This article is part of our special report Tackling Chronic Diseases in the EU.
SPECIAL REPORT / The EU, which is currently revising its food labeling rules, should copy the ‘traffic-light system’ introduced in the UK, says Ilaria Passarani.
Ilaria Passarani is the European Consumer Organsation’s (BEUC) head of Food and Health department. She spoke to EURACTIV’s Henriette Jacobsen.
What is wrong withfood labelling in the EU?
In December 2014, a new regulation on food information for consumers will enter into force. Member states will have until 2016 to comply.
These new rules include some improvements, especially when it comes to the mandatory nutrition information on the back of the package.
We have to wait a little bit to see it at the supermarket, but it’s going to happen. We have played a major role in ensuring that the nutrition information on the products is clear and consumer-friendly. So we are really happy about this development. There are many positive provisions for consumers to help them make informed choices.
What we miss is that the information is going to be only on the back of the products’ packaging, and not on the front. We also fought for a font size of at least three millimetres, which was also in the Commission’s first proposal, but it has been down-sized.
So the BEUC is less concerned about the amount of information given on a product, and is more interested in where the information is, and font size?
Exactly, and we have said during the whole debate on food information to consumers that being a consumer should not be a full-time job. You cannot spend an indefinite amount of time reading the ingredients on the back of a product. So we always ask for a simple tool, and a quicker tool, for consumers to see what is in a product, and that’s why we’re supporting a colour-coding system, especially for processed food. That’s why we like the UK traffic light system.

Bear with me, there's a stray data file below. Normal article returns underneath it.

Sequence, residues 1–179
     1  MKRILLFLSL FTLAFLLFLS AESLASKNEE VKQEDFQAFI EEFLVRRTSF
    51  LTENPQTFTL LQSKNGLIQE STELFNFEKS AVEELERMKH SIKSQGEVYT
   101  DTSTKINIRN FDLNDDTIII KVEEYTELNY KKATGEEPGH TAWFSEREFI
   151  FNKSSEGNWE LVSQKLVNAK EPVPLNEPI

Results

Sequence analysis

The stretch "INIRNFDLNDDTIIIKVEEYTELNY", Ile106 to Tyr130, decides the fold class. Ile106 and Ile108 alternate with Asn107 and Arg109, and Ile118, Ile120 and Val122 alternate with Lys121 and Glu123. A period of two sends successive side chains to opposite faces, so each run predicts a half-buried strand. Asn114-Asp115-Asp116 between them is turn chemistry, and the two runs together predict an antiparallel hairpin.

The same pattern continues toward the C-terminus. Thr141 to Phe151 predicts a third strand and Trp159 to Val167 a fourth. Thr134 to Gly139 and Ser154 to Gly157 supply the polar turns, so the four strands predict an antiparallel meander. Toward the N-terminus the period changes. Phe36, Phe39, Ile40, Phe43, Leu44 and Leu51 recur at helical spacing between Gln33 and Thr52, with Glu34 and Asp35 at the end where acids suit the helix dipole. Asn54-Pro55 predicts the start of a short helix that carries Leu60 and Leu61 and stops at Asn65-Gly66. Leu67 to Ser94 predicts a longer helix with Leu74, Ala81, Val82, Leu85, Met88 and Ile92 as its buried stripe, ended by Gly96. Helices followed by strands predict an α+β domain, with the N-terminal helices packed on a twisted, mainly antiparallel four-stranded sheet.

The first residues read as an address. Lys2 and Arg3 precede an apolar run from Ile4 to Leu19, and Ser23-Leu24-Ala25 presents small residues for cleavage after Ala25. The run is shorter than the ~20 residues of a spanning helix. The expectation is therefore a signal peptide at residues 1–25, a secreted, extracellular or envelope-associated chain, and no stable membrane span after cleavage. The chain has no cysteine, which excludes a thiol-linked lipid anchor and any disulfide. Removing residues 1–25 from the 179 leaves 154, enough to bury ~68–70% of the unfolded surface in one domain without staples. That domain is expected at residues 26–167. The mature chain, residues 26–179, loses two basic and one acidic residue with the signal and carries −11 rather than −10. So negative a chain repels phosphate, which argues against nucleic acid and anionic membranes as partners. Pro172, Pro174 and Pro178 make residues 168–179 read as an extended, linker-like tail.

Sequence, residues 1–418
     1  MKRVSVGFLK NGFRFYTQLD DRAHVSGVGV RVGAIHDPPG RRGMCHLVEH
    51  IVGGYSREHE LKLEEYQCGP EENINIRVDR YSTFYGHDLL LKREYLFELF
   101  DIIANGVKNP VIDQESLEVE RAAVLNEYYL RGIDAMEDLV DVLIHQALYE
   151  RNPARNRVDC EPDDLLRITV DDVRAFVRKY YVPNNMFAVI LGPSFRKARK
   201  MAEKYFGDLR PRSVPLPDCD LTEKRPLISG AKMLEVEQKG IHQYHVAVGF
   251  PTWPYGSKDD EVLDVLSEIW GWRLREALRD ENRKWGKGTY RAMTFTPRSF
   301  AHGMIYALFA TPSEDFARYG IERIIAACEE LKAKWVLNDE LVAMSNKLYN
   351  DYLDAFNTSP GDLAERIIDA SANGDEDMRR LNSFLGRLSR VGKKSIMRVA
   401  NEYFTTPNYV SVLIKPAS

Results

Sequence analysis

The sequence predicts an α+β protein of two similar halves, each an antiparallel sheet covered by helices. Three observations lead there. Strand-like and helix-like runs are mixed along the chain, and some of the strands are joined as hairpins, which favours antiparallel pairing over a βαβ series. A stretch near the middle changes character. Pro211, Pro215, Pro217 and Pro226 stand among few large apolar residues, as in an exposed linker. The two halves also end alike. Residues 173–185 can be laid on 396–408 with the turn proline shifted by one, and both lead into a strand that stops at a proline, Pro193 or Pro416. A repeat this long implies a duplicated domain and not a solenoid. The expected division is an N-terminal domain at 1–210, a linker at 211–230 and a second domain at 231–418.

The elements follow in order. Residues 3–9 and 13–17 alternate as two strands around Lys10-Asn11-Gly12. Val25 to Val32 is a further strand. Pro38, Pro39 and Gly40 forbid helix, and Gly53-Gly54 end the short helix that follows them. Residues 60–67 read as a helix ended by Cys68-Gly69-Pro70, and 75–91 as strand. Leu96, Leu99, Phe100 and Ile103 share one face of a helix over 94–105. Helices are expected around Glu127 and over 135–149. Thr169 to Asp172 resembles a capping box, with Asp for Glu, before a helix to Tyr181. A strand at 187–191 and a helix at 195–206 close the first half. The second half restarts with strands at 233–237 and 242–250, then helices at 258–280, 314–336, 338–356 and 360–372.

What is the traffic light system?
The normal information is on the back, but what the traffic light system adds is information. It’s at-a-glance information about how much saturated fat, sugar and salt there is in a particular food product. You can compare very easily which of the products in the shop have the least fat, sugar or salt. We want a mother to be able to quickly see what’s the best for her child. That’s the idea.
So a product would not only get a red mark. It would, for example, get red for sugar and yellow for salt, and so on?
Yes. The idea with this system is not to say that one product is bad so it gets a red mark, and another product is good, so it’s green. It’s about the composition of the food. It’s really not about the whole product, but about the fat, sugar and salt. This is a very important point, because some say that the traffic light system is too simplistic, and only says if a product is bad or good. This is not what it’s intended to.
Which groups in a society do you think would benefit particularly from the traffic light system as labelling?
Everybody. People who don’t want to spend ages in the supermarket when they are trying to choose the best food for their family, their children or themselves. The system is really just to compare products. Some say it’s too simplistic, but we say that it’s just simple. Given that we are overloaded with information, this tool is a simple tool to get information. We ask EU member states to adopt and encourage this. This shouldn’t just be the labelling in the UK.
Why did they introduce this system in the UK?
I don’t know exactly why. I assume that in the UK, you have a lot of processed food, readymeals for example, more than in other countries. Traditionally, they eat more of these kinds of prepared meals, and products like this. They usually have a positive approach to communication with the general public in all sectors. I think this is good communication, and a good methodology for food information. They make things easier for consumers in a meaningful and simple way. This is not the case in other countries.
Why do you think this system has not been introduced in other member states?